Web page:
Serum cystatin C and anti‐N‐methyl‐D‐aspartate receptor encephalitis

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Cystatin C (CysC) is a non‐glycosylated 13 kDa basic protein, consisting of 120 amino acids. It is a secreted cysteine inhibitor encoded by the CST3 (Cst3) gene, which is located on the short arm of chromosome 20.1 CysC belongs to the cystatin superfamily of cysteine proteinase inhibitors that modulate protein degradation and cell‐matrix interactions.2 CysC is produced by nearly all cells and is secreted into the extracellular space, blood and cerebrospinal fluid (CSF). It is commonly used as a biomarker of renal function3 and is a risk factor and strong predictor of cardiovascular disease.4 Moreover, CysC is thought to play a major role in modulating immune cell activation and inflammation‐driven cell death and counteracts the action of cathepsins, which are a family of lysosomal proteins released by activated microglia/macrophages.6 In addition, recent studies have shown that CysC can protect neuronal cells from cell death through activating the autophagy pathway.7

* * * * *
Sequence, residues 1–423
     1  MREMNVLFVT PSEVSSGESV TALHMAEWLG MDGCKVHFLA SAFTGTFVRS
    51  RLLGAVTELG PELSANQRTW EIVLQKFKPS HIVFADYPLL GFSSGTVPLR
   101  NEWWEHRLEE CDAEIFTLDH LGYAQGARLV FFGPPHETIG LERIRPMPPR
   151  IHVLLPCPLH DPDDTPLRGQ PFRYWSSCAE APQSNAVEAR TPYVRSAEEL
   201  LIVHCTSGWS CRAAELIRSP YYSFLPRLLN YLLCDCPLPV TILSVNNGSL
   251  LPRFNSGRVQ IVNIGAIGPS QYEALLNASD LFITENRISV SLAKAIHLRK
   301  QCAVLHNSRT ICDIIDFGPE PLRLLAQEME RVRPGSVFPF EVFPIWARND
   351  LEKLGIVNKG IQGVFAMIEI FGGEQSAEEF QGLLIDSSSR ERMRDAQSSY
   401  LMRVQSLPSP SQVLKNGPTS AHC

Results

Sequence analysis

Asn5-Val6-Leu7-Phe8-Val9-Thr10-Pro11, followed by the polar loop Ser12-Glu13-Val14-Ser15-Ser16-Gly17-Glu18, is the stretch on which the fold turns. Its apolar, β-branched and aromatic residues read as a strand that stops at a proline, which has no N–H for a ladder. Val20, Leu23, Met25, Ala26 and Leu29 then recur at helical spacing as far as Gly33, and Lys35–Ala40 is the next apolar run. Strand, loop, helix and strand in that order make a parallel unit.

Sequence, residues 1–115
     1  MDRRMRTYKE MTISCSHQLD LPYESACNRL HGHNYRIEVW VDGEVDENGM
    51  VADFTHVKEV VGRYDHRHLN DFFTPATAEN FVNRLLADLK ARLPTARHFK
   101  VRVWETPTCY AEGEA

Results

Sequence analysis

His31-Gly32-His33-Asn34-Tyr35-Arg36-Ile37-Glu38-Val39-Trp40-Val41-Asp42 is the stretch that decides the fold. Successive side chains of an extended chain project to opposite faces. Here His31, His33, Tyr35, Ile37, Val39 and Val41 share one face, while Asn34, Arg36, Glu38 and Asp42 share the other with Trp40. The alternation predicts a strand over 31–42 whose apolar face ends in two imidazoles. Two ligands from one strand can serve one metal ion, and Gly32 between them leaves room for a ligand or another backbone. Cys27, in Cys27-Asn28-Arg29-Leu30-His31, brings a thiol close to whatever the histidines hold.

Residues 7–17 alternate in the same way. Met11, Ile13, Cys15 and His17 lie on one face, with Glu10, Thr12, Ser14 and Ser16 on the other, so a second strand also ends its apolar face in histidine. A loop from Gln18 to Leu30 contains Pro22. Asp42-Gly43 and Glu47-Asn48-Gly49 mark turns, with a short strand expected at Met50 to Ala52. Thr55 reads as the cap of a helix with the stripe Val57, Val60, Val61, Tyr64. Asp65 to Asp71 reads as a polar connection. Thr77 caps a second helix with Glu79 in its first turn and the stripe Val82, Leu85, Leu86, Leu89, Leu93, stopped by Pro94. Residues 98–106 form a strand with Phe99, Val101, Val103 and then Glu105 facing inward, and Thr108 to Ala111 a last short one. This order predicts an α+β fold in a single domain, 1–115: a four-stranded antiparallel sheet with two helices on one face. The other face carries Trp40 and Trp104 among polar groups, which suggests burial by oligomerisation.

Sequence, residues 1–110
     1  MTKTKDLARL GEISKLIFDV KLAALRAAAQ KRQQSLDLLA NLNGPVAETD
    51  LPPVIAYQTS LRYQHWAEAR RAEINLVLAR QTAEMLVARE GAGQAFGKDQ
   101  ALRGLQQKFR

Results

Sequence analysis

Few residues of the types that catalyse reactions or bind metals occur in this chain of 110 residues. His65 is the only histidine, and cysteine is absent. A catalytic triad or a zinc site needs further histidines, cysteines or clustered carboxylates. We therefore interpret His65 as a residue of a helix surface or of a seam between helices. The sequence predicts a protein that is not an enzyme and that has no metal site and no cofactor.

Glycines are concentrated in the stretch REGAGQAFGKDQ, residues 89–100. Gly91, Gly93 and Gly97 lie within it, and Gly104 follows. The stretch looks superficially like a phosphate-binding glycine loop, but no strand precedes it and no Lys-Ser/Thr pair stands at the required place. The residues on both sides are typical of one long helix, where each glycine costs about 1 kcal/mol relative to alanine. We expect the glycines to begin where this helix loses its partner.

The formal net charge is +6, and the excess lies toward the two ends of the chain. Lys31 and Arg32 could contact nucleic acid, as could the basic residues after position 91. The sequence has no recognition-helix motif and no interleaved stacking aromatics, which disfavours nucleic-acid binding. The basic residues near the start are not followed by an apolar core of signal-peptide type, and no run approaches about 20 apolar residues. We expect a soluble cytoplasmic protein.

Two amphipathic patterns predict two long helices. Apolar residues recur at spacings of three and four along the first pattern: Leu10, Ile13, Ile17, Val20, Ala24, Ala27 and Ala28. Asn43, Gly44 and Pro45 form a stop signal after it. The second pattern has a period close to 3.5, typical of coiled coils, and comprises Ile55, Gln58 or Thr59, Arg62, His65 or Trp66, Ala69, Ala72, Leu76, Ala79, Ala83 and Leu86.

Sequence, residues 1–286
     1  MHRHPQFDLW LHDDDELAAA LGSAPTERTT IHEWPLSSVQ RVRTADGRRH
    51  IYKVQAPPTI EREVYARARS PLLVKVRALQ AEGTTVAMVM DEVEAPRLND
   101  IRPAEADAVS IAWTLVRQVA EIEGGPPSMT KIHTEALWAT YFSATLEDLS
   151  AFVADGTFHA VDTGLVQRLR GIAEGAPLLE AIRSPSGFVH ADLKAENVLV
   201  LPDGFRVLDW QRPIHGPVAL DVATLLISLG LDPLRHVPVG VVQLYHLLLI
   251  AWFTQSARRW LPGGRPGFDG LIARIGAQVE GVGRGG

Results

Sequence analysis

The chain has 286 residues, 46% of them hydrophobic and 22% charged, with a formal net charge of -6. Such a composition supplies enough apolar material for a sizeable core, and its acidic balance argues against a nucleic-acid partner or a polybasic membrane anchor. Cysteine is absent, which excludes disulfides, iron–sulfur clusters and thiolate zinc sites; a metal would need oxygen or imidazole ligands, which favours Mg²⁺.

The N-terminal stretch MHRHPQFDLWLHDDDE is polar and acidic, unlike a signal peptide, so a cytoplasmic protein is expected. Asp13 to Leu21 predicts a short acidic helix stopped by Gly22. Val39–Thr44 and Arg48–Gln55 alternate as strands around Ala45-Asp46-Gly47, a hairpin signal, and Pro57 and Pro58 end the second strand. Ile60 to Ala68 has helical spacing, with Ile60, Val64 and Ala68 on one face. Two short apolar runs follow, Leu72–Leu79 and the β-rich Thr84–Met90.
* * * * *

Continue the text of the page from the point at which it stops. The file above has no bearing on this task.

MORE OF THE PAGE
Therefore, CysC may exert multiple functions in the pathogenesis and progression of immunological and neurological diseases. Indeed, a significant association of CysC with autoimmune diseases, such as systemic lupus erythematosus (SLE)9 and chronic arthritis,10 has been reported. Furthermore, CysC is associated with a variety of neurological diseases, including inflammatory neurological diseases, such as Guillain‐Barre syndrome (GBS), chronic inflammatory demyelinating polyneuropathy (CIDP) and multiple sclerosis (MS)11 and neurodegenerative disorders, such as Parkinson's disease (PD), amyotrophic lateral sclerosis (ALS) and Alzheimer's disease (AD).7
Anti‐N‐methyl‐D‐aspartate receptor (NMDAR) encephalitis is a rapid‐onset, immune‐mediated disorder that is often associated with psychosis, seizures, various movement disorders and autonomic system disturbances.17 It develops through the action of immunoglobulin G (NMDAR antibodies) against the GluN1 subunit of the NMDAR.18 Anti‐NMDAR encephalitis is a severe and rare disorder that can affect patients of all ages with or without tumours in various regions, such as ovarian teratomas19 Multiple studies have shown that immune cells, including B cells and T cells, are involved in the pathogenesis of anti‐NMDAR encephalitis.21
However, the importance of CysC in anti‐NMDAR encephalitis is unknown. Here, we analysed serum CysC levels in anti‐NMDAR encephalitis patients and investigated the associations between the serum CysC levels and clinical parameters in these patients.

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